How Public Cloud Providers Rain On Users - InformationWeek

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7/1/2015
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How Public Cloud Providers Rain On Users

A Forrester study finds corporate customers are largely dissatisfied with their primary public cloud providers.

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Forrester Research released the results of a study Tuesday that examines the relationships between existing cloud users and their primary cloud services providers. The report, "Is Your Cloud Provider Keeping Secrets," includes forecasts of a bright future for the global public cloud market even as it uncovers prevalent problems that can serve as guideposts for CIOs and IT staff.

In April, Forrester forecast that the global public cloud market would reach $191 billion by 2020, from $53 billion in 2013.

The study released Tuesday evaluated the data and human elements missing from "commodity" public cloud services. It was funded by iland, a cloud services provider, and is based on a survey of 275 infrastructure and operations (I&O) professionals in the US, the UK, and Singapore conducted in April 2015. Survey respondents are those involved in the selection of cloud providers and the support issues with them. Seven in ten (70%) of respondents have been using the cloud operationally for over a year. In what may reflect a pervasive practice, 73% said they were involved with more than just one cloud provider.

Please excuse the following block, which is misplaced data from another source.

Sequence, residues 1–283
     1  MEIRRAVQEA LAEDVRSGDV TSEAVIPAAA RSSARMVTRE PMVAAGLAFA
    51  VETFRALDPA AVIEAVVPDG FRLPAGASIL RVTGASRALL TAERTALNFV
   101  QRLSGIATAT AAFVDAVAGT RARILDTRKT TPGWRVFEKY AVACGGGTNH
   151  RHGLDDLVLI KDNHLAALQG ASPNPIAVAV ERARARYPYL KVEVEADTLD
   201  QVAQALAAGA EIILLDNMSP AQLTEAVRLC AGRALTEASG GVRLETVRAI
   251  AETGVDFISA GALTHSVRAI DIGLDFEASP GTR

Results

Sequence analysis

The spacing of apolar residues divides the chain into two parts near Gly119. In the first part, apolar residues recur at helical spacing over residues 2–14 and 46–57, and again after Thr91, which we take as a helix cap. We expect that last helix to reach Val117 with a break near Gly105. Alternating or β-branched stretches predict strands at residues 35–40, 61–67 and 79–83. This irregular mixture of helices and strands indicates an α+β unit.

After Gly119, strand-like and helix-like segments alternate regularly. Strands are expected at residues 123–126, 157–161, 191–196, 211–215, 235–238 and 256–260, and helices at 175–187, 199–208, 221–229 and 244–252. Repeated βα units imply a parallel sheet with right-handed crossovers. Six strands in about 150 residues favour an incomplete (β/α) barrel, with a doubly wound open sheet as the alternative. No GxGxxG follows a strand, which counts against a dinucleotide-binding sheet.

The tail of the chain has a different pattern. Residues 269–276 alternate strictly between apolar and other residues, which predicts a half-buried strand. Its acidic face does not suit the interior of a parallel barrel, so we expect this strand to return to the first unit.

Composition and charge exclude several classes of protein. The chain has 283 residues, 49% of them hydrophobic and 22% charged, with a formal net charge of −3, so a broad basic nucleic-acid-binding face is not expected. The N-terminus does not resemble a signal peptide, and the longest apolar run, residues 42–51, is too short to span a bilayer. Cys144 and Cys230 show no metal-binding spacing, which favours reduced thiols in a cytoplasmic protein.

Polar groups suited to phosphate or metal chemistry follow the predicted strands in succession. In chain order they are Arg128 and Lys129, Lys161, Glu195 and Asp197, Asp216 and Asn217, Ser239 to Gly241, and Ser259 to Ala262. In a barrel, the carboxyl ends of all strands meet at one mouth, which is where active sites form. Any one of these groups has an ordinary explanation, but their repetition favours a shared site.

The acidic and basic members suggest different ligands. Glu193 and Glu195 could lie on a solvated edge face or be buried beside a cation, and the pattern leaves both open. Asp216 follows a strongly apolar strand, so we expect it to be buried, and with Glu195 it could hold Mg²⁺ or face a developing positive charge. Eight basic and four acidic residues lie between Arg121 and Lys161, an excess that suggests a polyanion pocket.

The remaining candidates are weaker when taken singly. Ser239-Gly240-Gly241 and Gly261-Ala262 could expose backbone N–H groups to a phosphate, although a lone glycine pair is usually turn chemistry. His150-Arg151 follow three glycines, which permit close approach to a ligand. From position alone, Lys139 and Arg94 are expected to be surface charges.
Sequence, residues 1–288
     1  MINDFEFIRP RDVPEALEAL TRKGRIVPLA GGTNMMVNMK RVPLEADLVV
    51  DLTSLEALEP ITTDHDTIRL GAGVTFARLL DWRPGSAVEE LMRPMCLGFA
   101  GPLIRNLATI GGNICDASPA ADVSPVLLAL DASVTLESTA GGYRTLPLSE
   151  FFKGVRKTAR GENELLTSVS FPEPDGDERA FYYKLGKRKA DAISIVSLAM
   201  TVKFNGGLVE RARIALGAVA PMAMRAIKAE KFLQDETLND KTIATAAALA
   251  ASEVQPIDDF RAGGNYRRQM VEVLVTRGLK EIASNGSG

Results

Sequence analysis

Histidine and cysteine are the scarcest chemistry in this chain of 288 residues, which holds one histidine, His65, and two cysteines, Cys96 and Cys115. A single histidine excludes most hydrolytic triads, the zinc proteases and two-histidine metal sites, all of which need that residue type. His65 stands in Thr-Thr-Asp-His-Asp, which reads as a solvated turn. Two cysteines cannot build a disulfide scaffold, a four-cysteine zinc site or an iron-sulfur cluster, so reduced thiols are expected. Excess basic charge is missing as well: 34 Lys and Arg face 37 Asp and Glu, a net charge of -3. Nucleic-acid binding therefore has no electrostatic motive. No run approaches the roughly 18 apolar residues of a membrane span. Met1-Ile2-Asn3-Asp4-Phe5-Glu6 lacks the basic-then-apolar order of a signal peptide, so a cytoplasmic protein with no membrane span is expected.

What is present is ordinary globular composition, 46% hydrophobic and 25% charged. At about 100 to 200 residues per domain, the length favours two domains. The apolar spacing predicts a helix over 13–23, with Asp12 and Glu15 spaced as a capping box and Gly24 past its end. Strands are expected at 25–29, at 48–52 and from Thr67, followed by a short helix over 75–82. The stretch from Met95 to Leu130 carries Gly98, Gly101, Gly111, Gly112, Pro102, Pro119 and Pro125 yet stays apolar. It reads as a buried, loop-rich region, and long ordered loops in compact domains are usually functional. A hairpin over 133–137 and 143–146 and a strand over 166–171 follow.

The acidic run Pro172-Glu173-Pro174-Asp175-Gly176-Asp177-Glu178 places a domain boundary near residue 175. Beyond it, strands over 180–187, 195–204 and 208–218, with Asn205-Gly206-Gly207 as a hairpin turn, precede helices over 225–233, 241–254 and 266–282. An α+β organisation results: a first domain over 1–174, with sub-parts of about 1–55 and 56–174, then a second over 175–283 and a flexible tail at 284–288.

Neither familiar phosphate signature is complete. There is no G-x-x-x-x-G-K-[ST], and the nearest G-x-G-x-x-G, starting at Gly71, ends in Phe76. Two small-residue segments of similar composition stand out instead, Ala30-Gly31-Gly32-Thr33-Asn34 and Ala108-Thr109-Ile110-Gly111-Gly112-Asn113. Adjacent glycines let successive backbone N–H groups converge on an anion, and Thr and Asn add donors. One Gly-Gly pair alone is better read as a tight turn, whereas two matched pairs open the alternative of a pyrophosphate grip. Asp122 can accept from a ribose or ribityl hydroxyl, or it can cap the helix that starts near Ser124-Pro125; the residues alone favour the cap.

[ Is technology out to get us? Read 9 Ways Technology Is Slowly Killing Us All. ]

The majority of respondents (60%) said they were delaying cloud adoption and expansion plans. This seems counterintuitive from a business standpoint. Why is this slowdown occurring?

Respondents cited a number of concerns how their cloud providers did business, including a lack of operational transparency, access to compliance information, and support issues, as the causes of the delay in extending cloud adoption.

Compliance issues were an area of dissatisfaction for a large number of respondents. Three quarters of the executives surveyed are responsible for verifying data compliance via audit. Yet, compliance concerns are a barrier to cloud expansion for 63% of respondents.